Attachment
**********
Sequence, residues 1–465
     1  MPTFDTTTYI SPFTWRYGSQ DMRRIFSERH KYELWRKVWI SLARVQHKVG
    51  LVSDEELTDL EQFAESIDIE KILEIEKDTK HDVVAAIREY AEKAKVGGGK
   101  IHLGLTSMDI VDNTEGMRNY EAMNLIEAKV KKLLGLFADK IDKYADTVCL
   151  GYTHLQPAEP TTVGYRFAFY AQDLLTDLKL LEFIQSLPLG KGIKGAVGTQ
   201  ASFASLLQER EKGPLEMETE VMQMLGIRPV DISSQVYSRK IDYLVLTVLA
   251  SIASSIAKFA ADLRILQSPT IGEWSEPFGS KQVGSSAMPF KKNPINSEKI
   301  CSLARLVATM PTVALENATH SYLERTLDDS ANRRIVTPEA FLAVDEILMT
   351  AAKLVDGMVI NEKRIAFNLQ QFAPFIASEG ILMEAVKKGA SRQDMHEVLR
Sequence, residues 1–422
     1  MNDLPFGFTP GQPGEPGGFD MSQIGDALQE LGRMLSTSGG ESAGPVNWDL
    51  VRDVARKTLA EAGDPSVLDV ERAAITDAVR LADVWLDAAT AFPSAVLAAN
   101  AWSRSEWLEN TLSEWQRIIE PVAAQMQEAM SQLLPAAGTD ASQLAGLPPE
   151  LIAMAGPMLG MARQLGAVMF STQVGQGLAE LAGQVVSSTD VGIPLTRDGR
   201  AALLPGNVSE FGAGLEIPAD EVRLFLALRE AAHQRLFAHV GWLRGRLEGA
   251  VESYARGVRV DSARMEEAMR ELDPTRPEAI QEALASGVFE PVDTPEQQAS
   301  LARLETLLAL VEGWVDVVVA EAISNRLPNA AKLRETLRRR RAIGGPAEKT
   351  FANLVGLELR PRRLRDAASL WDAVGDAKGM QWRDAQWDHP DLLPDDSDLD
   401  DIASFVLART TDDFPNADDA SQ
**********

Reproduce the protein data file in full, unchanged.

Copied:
Sequence, residues 1–465
     1  MPTFDTTTYI SPFTWRYGSQ DMRRIFSERH KYELWRKVWI SLARVQHKVG
    51  LVSDEELTDL EQFAESIDIE KILEIEKDTK HDVVAAIREY AEKAKVGGGK
   101  IHLGLTSMDI VDNTEGMRNY EAMNLIEAKV KKLLGLFADK IDKYADTVCL
   151  GYTHLQPAEP TTVGYRFAFY AQDLLTDLKL LEFIQSLPLG KGIKGAVGTQ
   201  ASFASLLQER EKGPLEMETE VMQMLGIRPV DISSQVYSRK IDYLVLTVLA
   251  SIASSIAKFA ADLRILQSPT IGEWSEPFGS KQVGSSAMPF KKNPINSEKI
   301  CSLARLVATM PTVALENATH SYLERTLDDS ANRRIVTPEA FLAVDEILMT
   351  AAKLVDGMVI NEKRIAFNLQ QFAPFIASEG ILMEAVKKGA SRQDMHEVLR
Sequence, residues 1–422
     1  MNDLPFGFTP GQPGEPGGFD MSQIGDALQE LGRMLSTSGG ESAGPVNWDL
    51  VRDVARKTLA EAGDPSVLDV ERAAITDAVR LADVWLDAAT AFPSAVLAAN
   101  AWSRSEWLEN TLSEWQRIIE PVAAQMQEAM SQLLPAAGTD ASQLAGLPPE
   151  LIAMAGPMLG MARQLGAVMF STQVGQGLAE LAGQVVSSTD VGIPLTRDGR
   201  AALLPGNVSE FGAGLEIPAD EVRLFLALRE AAHQRLFAHV GWLRGRLEGA
   251  VESYARGVRV DSARMEEAMR ELDPTRPEAI QEALASGVFE PVDTPEQQAS
   301  LARLETLLAL VEGWVDVVVA EAISNRLPNA AKLRETLRRR RAIGGPAEKT
   351  FANLVGLELR PRRLRDAASL WDAVGDAKGM QWRDAQWDHP DLLPDDSDLD
   401  DIASFVLART TDDFPNADDA SQ